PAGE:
President Volodymyr Zelenskyy has appointed the new head of his Office replacing Andriy Bohdan with Andriy Yermak. Previously, Yermak was a non-staff advisor to the president and Zelenskyy’s negotiator with the U.S. and Russia. It is not clear whether Bohdan will get a new position from the president and whether he will remain within Zelenskyy’s team.
Bohdan is the first Zelenskyy's closest associate to be fired by the president. Hromadske looks at why this happened and what Yermak’s appointment could change in Ukraine’s internal and foreign policy.
“Zelenskyy is sick of negativity and very tired,” said Bohdan in October 2019. Three months later it turned out that Zelenskyy was tired of Bohdan.
“There are conflicts. They disturb our work. I am always against such conflicts as they have no winners and no draws. Unfortunately,” President Zelenskyy said when explaining why he had fired Bohdan.
In less than 10 months of Zelenskyy's presidency, Bohdan has earned a reputation of a “conflict man”. He was rude with journalists, quarreled with SBU chairman Ivan Bakanov over staff appointments, and fought with mayors of Kyiv and Dnipro Vitaliy Klychko and Borys Filatov.
However, this is only the tip of the iceberg. Media have reported the backstage rumors of Bohdan's conflict with Zelenskyy’s aide Serhiy Shefir and influential Interior Minister Arsen Avakov, as well as with Yermak.
The reason for Bohdan's constant conflicts lies in the combination of his temper and the task he set for himself.
"The essence of my work is to synchronize the work of different government bodies – ministries, the Cabinet of Ministers, the Verkhovna Rada," he said in an interview with Ukrayinska Pravda.
Informal meetings of the leadership of the government and the Parliament, which take place at the Presidential Office every Monday at 5 p.m., became the embodiment of such “synchronization”. During these meetings, the President gives tasks to the parliament’s speaker and the prime minister who are not legally subordinated to him. And Bohdan considered it his duty to control the accomplishment of these tasks. And usually, he didn’t choose his words.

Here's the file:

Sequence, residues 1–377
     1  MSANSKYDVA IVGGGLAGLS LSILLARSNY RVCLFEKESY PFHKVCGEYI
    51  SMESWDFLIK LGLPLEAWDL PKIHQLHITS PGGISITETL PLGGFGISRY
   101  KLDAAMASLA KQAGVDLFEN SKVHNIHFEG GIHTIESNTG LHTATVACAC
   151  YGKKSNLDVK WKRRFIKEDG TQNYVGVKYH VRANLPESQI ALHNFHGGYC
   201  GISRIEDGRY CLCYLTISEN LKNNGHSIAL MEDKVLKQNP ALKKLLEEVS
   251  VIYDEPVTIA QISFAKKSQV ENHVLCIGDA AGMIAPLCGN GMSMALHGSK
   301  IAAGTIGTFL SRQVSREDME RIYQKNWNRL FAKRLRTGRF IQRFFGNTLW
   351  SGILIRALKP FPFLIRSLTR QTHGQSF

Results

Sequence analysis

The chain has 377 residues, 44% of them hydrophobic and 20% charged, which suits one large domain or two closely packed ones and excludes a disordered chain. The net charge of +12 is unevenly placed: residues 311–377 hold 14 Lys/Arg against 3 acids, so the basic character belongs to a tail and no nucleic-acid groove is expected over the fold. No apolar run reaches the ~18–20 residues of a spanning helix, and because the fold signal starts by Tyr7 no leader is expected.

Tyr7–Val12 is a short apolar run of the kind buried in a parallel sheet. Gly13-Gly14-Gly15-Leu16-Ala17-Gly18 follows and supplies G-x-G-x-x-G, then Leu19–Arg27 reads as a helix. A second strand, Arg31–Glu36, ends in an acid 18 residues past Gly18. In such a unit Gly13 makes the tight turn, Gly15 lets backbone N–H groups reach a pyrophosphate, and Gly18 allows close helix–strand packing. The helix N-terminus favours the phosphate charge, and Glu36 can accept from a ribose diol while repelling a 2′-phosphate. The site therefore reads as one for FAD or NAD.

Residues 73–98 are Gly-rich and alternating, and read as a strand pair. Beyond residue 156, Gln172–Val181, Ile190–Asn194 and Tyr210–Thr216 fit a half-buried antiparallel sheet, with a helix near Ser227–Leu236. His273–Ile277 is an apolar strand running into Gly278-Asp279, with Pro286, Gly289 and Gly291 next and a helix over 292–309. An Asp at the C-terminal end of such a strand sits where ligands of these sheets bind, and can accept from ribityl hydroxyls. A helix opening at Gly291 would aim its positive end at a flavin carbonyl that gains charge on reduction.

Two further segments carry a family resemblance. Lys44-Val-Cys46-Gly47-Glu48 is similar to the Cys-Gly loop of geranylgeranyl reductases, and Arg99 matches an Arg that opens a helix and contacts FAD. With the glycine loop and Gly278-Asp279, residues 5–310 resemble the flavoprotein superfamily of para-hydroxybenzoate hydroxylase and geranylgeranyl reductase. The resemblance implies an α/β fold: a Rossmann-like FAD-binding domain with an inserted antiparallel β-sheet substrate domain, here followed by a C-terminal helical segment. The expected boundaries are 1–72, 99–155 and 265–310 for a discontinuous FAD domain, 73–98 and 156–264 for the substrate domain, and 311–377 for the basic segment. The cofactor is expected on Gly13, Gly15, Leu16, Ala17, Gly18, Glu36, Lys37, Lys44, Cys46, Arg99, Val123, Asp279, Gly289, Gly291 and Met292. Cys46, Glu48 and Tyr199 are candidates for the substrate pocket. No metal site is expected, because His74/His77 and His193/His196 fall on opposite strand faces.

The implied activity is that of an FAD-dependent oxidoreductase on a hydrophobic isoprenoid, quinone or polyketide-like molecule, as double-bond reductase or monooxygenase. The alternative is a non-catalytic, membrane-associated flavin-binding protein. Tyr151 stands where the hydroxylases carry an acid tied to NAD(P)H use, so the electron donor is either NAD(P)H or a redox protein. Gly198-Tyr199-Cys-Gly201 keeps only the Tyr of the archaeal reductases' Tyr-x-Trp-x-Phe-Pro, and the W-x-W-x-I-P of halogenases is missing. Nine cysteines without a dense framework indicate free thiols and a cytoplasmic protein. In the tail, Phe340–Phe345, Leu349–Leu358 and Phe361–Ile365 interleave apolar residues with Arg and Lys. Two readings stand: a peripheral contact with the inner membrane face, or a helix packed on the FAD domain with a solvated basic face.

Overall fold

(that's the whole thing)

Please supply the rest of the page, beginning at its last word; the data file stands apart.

Bohdan also served as a “bridge” between the International Monetary Fund and oligarch Ihor Kolomoisky, whose lawyer he was before joining Zelenskyy’s team.
The IMF and Kolomoisky are expecting from Zelenskyy the opposite. The oligarch expects if not regaining ownership of PrivatBank, but at least receiving considerable compensation from the state because of the nationalization of his main asset. And not to return PrivatBank to Kolomoisky is a key condition for a new $5 billion IMF program for Ukraine.
Bohdan met with ambassadors of the G7 countries and assured them on behalf of the Presidential Office that PrivatBank won’t be returned. At the same time, he continues to talk to Kolomoisky.
President Volodymyr Zelenskyy (right) and the former head of his Office Andriy Bohdan during a parliamentary meeting on August 29, 2019. Photo: Volodymyr Hontar / UNIAN
Bohdan's dismissal comes amid complications in relations with Ukraine’s international partners. The G7 ambassadors are concerned about another attempt by MPs to fire the head of the National Anti-Corruption Bureau of Ukraine (NABU) Artem Sytnyk. The adoption of the land reform, another fundamental IMF’s requirement, can be delayed by two months. And changes to the text of the draft law which forbids to return the banks to their former owners may directly affect the situation around PrivatBank.
Bohdan's successor, Yermak, used to be Zelenskyy’s mediator. As a non-staff advisor, he was responsible for organizing a meeting between Zelenskyy and U.S. President Donald Trump. At the same time, Yermak was Zelenskyy's chief negotiator with Russia. He actually succeeded Viktor Medvedchuk as the main negotiator for the prisoner exchanges.
We can say that Yermak managed to live up to his task as 35 political prisoners in Russia and 76 prisoners in the so-called “DPR” and “LPR” returned to Ukraine last year. As a Donbas issue negotiator, Yermak, who once did business in Russia, is talking to Dmitry Kozak, deputy head of Russia’s Presidential Administration.
Deputy Head of the Presidential Office Kyrylo Tymoshenko (left), the new head of the Office Andriy Yermak, Ex-Head of the Office Andriy Bohdan, and President Volodymyr Zelenskyy (right) answering questions by journalists after the Normandy talks in Paris, France, December 7, 2019. Photo: Oleksandr Kokhan / hromadske
Yermak does not talk too much about the details of the talks with the Russians. But one can learn about his negotiating style from the talks between Zelenskyy’s team and President Trump where Yermak had been negotiating with Trump’s lawyer Rudy Giuliani.
Yermak has demonstrated that he can calmly take his time when, for more than a month, he could not agree with Giuliani on the text of the statement that the President of Ukraine had to make at the request of the Americans about the alleged involvement in corruption of Trump's political rival Joe Biden. Zelenskyy’s team agreed to the version of the statement advantageous to Trump only after it became clear that Ukraine could lose $350 million in U.S. defense assistance.
In the end, an anonymous whistleblower rescued Ukraine from interference in American politics by reporting Trump's pressure on the Ukrainian president. After that, Trump unblocked the assistance, and Zelenskyy never made the statement.
As the head of the Presidential Office, Yermak turns into a high-ranking official. So now he has to decide whether to run the Office as Bohdan did or to redesign its work.
Another question is what to do with people who have been appointed thanks to Bohdan – to build relationships with them or to seek them to be fired by the president. Among others, Prime Minister Oleksiy Honcharuk's fate is on the line.
/ by Maxim Kamenev, translated by Vladyslav Kudryk